Plata et al v. Schwarzenegger et al
ORDER by Judges Stephen Reinhardt, Lawrence K. Karlton, and Thelton E. Henderson denying 2784 Plaintiffs' motion re: design capacity. (tehlc3, COURT STAFF) (Filed on 6/23/2014)
IN THE UNITED STATES DISTRICT COURTS
FOR THE EASTERN DISTRICT OF CALIFORNIA
AND THE NORTHERN DISTRICT OF CALIFORNIA
UNITED STATES DISTRICT COURT COMPOSED OF THREE JUDGES
PURSUANT TO SECTION 2284, TITLE 28 UNITED STATES CODE
RALPH COLEMAN, et al.,
NO. 2:90-cv-0520 LKK DAD (PC)
EDMUND G. BROWN JR., et al.,
MARCIANO PLATA, et al.,
NO. C01-1351 TEH
EDMUND G. BROWN JR., et al.,
PLAINTIFFS’ MOTION RE:
This matter comes before the Court on plaintiffs’ motion regarding how design
20 capacity at the California Health Care Facility (“CHCF”) in Stockton should be considered
21 when determining whether defendants have complied with our ordered reductions in
22 California’s prison population. Plaintiffs ask the Court to hold that our population reduction
23 order applies only to the thirty-three adult institutions in existence at the time of trial, such
24 that defendants cannot count CHCF’s design capacity when calculating crowding
25 percentages. For the reasons discussed below, plaintiffs’ motion is DENIED. However, the
26 Court will not allow defendants to count capacity that cannot actually be used. Accordingly,
27 until the Plata Receiver re-opens medical admissions at CHCF, defendants may only count
28 capacity based on the number of inmates housed at CHCF when admissions were closed.
At the time of trial, the system of in-state adult institutions operated by the California
3 Department of Corrections and Rehabilitation (“CDCR”) included thirty-three prisons. This
4 Court’s original population reduction order applied only to those thirty-three prisons, and not
5 to “camps, community correction centers, or Department of Mental Health state hospitals, all
6 of which also house CDCR inmates.” Coleman v. Schwarzenegger, 922 F. Supp. 2d 882,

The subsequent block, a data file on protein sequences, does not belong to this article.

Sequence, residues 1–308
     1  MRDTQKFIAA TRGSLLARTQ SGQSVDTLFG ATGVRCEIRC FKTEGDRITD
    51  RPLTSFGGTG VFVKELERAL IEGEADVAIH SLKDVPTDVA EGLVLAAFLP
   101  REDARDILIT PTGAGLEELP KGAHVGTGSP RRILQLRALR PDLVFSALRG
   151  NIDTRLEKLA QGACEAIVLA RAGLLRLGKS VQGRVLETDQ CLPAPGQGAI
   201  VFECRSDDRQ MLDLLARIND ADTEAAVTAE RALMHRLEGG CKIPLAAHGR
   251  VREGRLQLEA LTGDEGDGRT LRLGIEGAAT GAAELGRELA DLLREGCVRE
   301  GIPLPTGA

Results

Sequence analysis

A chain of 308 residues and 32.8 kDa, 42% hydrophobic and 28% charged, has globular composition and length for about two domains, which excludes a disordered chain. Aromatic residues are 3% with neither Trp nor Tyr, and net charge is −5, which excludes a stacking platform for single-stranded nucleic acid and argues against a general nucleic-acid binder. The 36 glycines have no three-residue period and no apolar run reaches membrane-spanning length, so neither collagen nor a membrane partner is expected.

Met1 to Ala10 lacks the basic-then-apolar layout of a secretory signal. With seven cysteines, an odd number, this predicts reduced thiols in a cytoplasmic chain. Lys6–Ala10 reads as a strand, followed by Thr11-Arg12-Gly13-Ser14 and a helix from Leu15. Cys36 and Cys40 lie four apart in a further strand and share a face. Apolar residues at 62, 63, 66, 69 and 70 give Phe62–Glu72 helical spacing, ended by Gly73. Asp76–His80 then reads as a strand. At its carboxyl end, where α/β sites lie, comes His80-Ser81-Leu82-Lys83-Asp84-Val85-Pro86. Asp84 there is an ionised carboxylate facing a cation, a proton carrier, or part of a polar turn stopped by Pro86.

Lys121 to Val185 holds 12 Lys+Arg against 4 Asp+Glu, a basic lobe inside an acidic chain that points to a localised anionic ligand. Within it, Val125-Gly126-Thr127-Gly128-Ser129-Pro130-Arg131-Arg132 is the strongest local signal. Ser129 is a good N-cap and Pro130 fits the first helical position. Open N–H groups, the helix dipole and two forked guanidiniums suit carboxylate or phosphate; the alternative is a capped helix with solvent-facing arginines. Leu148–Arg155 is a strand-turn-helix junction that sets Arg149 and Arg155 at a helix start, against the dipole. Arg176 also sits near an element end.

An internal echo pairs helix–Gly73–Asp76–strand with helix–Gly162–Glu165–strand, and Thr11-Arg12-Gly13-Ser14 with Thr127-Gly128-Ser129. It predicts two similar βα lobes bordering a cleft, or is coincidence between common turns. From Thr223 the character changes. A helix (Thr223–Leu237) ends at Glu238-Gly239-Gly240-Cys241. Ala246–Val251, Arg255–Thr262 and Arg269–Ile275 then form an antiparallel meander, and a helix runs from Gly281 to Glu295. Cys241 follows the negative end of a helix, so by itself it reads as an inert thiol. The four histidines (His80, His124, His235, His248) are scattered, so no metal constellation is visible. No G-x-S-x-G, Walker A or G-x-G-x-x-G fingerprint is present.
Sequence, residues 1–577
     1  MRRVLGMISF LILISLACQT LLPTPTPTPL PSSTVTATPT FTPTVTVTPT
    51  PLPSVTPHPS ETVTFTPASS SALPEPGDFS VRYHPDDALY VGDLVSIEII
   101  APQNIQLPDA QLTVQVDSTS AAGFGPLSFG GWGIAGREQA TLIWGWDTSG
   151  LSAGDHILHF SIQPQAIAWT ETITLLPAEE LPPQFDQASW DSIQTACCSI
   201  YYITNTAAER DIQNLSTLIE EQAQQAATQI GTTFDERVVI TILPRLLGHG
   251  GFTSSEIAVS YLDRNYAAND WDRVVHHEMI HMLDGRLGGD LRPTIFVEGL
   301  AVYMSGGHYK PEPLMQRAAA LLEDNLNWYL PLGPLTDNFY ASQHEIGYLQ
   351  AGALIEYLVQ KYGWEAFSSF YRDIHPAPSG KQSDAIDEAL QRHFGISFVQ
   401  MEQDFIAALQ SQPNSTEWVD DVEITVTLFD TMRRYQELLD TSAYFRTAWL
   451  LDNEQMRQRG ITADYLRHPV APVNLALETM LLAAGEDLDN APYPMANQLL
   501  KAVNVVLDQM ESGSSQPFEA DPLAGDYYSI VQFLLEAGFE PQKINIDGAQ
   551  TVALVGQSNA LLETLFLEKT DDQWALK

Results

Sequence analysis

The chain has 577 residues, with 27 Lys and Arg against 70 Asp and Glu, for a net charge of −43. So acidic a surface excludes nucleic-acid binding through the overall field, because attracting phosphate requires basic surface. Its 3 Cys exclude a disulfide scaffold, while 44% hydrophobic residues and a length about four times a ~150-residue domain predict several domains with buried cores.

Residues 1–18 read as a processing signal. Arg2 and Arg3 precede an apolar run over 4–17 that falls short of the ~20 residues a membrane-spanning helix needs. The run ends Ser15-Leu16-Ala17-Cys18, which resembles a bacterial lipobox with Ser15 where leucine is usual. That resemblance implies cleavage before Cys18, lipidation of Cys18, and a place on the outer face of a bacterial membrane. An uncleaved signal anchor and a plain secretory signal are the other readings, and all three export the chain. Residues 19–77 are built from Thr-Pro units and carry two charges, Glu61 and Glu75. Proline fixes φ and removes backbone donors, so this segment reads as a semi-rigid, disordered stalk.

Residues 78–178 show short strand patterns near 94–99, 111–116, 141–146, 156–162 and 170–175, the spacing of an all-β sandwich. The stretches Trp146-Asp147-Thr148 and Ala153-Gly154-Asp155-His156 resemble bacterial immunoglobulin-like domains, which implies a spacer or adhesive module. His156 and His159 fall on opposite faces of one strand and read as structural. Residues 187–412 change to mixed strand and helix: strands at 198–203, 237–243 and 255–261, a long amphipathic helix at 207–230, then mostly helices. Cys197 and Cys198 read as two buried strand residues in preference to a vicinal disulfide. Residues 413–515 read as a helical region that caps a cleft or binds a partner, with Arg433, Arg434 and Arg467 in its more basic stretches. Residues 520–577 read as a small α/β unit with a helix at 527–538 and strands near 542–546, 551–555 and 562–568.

7 908 n.35 (E.D. Cal./N.D. Cal. Aug. 4, 2009) (ECF No. 2197/3641).1 Following defendants’
8 unsuccessful appeal to the United States Supreme Court, we ordered defendants to “reduce
9 the population of California’s thirty-three adult prisons” to 137.5% design capacity by
10 June 27, 2013.2 June 30, 2011 Order at 1-2 (ECF No. 2374/4032) (citing Jan. 12, 2010 Order
11 at 4). We subsequently granted two extensions of that deadline, first to December 31, 2013,
12 and finally to February 28, 2016. Jan. 29, 2013 Order at 2-3 (ECF No. 2527/4317); Feb. 10,
13 2014 Order at 2 (ECF No. 2766/5060).
These extensions of time raised a question that would not have arisen had defendants
15 complied with this Court’s original order to reduce the prison population: how to count
16 design capacity at CHCF, which first became active in July 2013, after the original June 27,
17 2013 compliance deadline. Now that CHCF also includes the DeWitt Nelson Correctional
18 Annex, its reported design capacity is 2,951 inmates. E.g., Defs.’ May 15, 2014 Status
19 Report Ex. A (ECF No. 2789/5153). Plaintiffs assert that, because CHCF was designed to
20 house inmates with serious medical and mental health needs, it will never be filled beyond
21 100% capacity, which means that “a maximum of 2,951 prisoners can actually be housed at
22 the Stockton facility.” Mot. at 3 (ECF No. 2784/5141). Defendants’ opposition does not
23 dispute this assertion.
All filings in this Court are included in the individual docket sheets of both Plata v.
Brown, No. C01-1351 TEH (N.D. Cal.), and Coleman v. Brown, No. 90-cv-520-LKK (E.D.
26 Cal.). Our citations include the docket number in Plata first, then Coleman. When we cite to
filings in the individual cases, we include the docket number and specify whether the filing is
27 from Plata or Coleman.
We also ordered defendants to achieve interim benchmarks every six months.
Plaintiffs correctly observe that our original opinion stated only that “an adjustment to
2 the specific terms of the population reduction order, although not to the percentage cap itself,
3 might be conceivably appropriate” if design capacity changed, and that we did not indicate
4 that such an adjustment would be automatic. Coleman v. Schwarzenegger, 922 F. Supp. 2d
5 at 955. Similarly, while we have explained that design capacity “may not remain static,” and
6 that a change in design capacity would increase or decrease the number of inmates by which
7 the prison population must be reduced, Coleman v. Schwarzengger, 2010 WL 99000, at *3
8 (E.D. Cal./N.D. Cal. Jan. 12, 2010) (ECF No. 2287/3767), we have never stated that new
9 design capacity would automatically be incorporated into calculations of crowding
10 percentages to measure compliance with our orders.
Nonetheless, we have implicitly allowed defendants to add such capacity on one prior
12 occasion, and our orders since June 2013 have made clear that defendants could include
13 CHCF capacity in their calculations. First, in July 2012, defendants reported that:
the design capacity of the State’s 33 institutions has increased
from 79,650 to 79,756 to reflect the completion of construction at